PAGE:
Total tract apparent CP and fat digestibilities of the dogs in the present study were similar to findings of previous raw meat studies2–4,35 in cats (CP digestibility, 92.9 to 93.9; fat digestibility, 93.9 to 95.5) performed in the same laboratory. The digestibility of raw meat is much greater than that typical of kibble. Crude protein digestibility is most commonly affected by the variability and sources of protein used in such diets. Total tract CP digestibility can also be affected and misleading because of microbial metabolism of CP in the hindgut. Of the macronutrient digestibilities in the present study, CP digestibility was the most variable and was greater when dogs consumed beef-based diets versus chicken-based diets. Crude protein digestibility has also been reported to differ between diets fed to exotic felids.3 Because the fiber sources and amounts used in the present study were tightly controlled, differences in total tract apparent macronutrient digestibility were likely not due to fiber but to the higher concentration of animal fiber (ie, collagen) in the chicken-based versus beef-based diets, which was also considered in another study.36

Fecal fermentative end-product concentrations can be used to infer the degree of protein and carbohydrate fermentation in the large bowel. Carbohydrate fermentation by colonic microbes primarily produces SCFAs in the large intestine, providing an important energy source for colonocytes. In contrast, an increase in putrefactants, which are largely responsible for fecal odor and negative outcomes on gastrointestinal health such as phenol, indole, and BCFA production, is an indication of protein fermentation occurring in the large intestine. In the present study, fecal acetate and total SCFA concentrations were greater when inulin or YCW extract were included in the raw beef—based diets, compared with when those components were not included, which is in agreement with findings in other in vitro13 and in vivo canine25 studies. Similarly, apparent but nonsignificant changes were detected when dogs were fed raw chicken-based diets. Given that there was no fermentable fiber source added to the control diets, lower SCFA concentrations were expected, as was found in another study3 involving exotic cats. Furthermore, in the present study, fecal pH was lower when inulin or YCW extract was added versus when the control diet was consumed, providing additional evidence of the fermentable nature of these ingredients.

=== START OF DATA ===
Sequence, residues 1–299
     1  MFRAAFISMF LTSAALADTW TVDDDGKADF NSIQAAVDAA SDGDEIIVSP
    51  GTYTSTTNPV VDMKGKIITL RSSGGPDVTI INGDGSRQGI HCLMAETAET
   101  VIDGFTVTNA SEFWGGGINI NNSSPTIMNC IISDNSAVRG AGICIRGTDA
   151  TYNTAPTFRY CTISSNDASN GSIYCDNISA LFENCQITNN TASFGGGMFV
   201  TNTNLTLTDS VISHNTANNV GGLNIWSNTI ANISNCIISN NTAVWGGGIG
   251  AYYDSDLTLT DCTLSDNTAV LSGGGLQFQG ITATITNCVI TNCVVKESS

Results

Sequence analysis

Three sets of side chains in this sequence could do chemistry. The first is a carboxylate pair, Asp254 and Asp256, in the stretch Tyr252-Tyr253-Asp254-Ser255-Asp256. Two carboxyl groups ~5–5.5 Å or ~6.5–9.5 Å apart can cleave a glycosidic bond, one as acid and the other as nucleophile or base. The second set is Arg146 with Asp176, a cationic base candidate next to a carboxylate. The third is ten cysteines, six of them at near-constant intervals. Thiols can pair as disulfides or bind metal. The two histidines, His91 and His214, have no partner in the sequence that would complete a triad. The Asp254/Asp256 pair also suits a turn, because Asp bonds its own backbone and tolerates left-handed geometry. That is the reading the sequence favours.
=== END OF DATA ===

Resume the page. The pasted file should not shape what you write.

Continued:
In the present study, fecal phenol and indole concentrations were lower when dogs were fed raw chicken–based diets containing inulin, compared with when dogs were fed the control or YCW-extract diets. Similar changes occurred when dogs were fed raw beef—based diets containing YCW extract; however, the differences were not significant. The diets containing inulin or YCW extract likely had more carbohydrates available for microbial fermentation, allowing those substrates to be fermented by colonic microbes instead of only protein. With the inclusion of fermentable substrates such as inulin in diets, the amount of harmful protein-derived end products can be reduced. Findings in other studies support this conclusion. In a study37 of the effects of feeding scFOS and Lactobacillus acidophilus separately or in combination to healthy adult dogs, dogs fed scFOS had lower fecal total phenol concentrations than control dogs fed a sucrose placebo. In another study,16 the effect of feeding scFOS, mannanoligosaccharides, or both to adult dogs was evaluated. Fecal indole concentrations were 2.44 μmol/g of fecal DM in dogs fed the control diet and 1.23 μmol/g of fecal DM in dogs fed scFOS, and fecal total phenol and indole concentrations were 3.03 μmol/g of fecal DM and 1.50 μmol/g of fecal DM, respectively.

Improvements in skin and coat condition in dogs are commonly attributed to feeding of raw meat. However, these claims in the past were primarily based on anecdote. In the present study, 2 blinded evaluators scored the dogs' skin and coat condition after each feeding trial but did not detect differences in these characteristics among the diets. It is possible that feeding for a longer duration may be needed to detect any improvement in coat quality.

Results from the present study suggested that raw meat-based diets have high nutrient digestibility in dogs. Fat and protein digestibilities in particular were quite high. Feeding a raw meat–based diet also resulted in acceptable fecal consistency scores and clinically unremarkable blood metabolite concentrations and activities. More research is needed to confirm the data reported here and to evaluate long-term feeding of raw meat—based diets.